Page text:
Sunday, December 10, 2006

Silk weavers in Banglore

In October 2006 the Governement introduced new laws banning children under the age of 14 from working. Although the laws protect children and ban the use of young workers in hazardous industries, they remain ineffective in many areas. Thousands of children continue to work in or are involved in silk weaving and embroidery. Silk weaving forms the basis for some of India's most highly prized clothing, particularly saris. For many years children were central to the work as there was a myth that children's fingers were more nimble than adults' for such jobs. The children were often harmed by cramped working conditions and the loud music which was played with the intention of keeping them entertained.

Many parents say crippling poverty forces them to send their children, sometimes as young as five or six, to work in people's homes or even factories. Most of these children are made to work in unhealthy conditions for very long hours and paid poorly. Wages are usually pocket money of 50 rupees (just over $1) a week, and at the end of the month employers typically send money to the child's parents typically around 800 rupees (roughly $17)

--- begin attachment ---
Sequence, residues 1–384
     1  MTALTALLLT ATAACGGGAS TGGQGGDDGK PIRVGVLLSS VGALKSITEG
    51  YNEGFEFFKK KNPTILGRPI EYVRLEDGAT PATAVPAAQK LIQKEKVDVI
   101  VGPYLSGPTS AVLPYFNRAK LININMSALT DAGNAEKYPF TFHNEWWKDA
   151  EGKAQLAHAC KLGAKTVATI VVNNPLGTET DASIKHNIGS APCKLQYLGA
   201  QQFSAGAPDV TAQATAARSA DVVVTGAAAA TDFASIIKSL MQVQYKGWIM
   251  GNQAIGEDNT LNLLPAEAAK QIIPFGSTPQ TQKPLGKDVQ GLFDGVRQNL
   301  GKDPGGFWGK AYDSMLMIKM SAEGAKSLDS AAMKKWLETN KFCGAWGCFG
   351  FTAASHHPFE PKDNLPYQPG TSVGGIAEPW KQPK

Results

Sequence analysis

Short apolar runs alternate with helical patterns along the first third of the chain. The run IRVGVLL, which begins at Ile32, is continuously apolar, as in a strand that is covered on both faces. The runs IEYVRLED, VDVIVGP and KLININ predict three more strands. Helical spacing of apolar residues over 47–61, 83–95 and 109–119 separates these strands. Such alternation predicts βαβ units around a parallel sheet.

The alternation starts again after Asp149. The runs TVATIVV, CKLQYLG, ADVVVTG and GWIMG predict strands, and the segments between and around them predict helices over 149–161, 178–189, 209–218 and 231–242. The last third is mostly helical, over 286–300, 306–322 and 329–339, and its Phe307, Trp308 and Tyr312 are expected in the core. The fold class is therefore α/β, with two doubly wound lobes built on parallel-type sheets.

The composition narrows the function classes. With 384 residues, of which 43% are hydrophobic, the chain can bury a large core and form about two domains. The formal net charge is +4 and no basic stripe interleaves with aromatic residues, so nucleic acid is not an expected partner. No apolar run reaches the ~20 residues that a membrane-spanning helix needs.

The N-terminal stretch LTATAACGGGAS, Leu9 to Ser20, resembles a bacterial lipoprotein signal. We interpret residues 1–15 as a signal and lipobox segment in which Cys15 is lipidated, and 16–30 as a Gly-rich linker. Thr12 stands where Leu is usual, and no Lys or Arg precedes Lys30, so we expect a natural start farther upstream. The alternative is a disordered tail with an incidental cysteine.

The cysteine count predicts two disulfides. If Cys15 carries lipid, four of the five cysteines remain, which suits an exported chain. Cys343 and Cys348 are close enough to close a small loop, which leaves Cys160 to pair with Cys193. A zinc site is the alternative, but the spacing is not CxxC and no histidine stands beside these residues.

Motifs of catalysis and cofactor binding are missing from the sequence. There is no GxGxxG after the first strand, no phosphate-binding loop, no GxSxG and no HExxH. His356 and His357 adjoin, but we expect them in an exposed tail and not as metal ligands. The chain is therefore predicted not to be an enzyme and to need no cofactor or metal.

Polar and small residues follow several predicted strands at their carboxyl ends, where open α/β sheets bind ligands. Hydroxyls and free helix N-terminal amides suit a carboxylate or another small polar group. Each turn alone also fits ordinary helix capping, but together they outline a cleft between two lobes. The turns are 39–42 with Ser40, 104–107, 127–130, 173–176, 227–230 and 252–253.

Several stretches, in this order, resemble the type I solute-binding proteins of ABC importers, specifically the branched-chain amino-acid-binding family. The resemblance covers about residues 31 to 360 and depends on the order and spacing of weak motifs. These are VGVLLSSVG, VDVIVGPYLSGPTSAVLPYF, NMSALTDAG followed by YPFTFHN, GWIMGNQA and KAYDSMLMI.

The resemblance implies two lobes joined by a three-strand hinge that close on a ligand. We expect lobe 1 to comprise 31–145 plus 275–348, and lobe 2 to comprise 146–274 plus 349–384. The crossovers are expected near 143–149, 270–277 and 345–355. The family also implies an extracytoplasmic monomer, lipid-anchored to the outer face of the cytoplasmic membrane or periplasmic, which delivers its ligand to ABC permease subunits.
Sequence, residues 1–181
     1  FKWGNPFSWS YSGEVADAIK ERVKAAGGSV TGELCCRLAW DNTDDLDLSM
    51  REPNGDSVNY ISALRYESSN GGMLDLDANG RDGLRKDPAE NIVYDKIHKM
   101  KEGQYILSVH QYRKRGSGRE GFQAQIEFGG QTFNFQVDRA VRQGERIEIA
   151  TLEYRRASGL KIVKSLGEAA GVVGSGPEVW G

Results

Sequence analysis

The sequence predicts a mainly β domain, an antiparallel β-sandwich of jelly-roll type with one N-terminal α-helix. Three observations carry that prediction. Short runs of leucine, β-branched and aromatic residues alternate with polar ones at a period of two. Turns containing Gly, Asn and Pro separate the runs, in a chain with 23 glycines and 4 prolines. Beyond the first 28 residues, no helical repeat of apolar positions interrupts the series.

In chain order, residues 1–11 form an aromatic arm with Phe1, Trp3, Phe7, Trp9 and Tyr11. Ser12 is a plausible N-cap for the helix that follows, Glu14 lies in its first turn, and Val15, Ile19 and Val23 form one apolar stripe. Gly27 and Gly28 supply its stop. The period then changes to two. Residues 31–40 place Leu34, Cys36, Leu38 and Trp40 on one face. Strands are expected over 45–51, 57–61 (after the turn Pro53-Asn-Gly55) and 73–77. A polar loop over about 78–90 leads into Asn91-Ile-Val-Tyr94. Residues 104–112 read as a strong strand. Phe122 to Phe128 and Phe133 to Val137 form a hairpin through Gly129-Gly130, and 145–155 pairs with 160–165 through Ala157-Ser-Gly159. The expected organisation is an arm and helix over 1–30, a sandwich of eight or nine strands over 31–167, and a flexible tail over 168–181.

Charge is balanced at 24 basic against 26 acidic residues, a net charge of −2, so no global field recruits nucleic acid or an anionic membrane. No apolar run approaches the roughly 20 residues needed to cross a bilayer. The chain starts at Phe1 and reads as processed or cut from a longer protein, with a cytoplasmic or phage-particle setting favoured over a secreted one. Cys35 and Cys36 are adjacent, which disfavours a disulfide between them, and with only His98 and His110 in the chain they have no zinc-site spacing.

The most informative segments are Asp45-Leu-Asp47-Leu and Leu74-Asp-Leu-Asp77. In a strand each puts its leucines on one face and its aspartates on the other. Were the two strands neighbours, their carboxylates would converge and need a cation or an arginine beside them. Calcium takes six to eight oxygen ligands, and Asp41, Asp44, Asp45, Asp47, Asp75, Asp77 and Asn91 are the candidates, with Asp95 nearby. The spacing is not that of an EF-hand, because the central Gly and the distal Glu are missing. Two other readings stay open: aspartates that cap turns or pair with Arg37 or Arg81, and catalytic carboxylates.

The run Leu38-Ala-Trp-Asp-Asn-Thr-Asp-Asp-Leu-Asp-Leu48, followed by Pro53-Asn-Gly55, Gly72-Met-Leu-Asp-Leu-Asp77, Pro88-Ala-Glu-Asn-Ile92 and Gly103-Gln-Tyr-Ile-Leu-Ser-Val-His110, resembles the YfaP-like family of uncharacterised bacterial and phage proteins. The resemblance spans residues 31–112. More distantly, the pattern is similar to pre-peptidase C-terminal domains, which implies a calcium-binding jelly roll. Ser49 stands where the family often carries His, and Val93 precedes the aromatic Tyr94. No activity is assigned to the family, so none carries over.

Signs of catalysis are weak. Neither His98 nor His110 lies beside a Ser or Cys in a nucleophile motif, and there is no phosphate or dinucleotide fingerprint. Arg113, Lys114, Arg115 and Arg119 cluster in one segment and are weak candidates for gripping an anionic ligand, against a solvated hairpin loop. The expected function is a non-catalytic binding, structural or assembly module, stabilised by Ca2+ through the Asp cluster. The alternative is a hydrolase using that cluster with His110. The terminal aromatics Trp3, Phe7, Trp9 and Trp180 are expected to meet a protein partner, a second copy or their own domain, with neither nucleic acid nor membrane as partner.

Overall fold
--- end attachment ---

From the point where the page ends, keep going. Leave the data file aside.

It is estimated that more than 12.6 million child workers in India. 53% of children drop out before finishing seventh grade (12-13 years old). Although projects have been set up to send children back to school, due to the introduction of the new law, , India will struggle to meet universal primary education, as set out by the UN's Millenium Development Goals.

Ten Thousand Villages ( is a fair trade market place which supports local communities and their artisans around the world, including India, using fair trade . Its goals include educating parents to send their children to school, to afford adequate food and clothing and to improve the quality of their lives and thair communities.

My top pick is this Metal Cuff Bracelet $28 from Asha Handicrafts .

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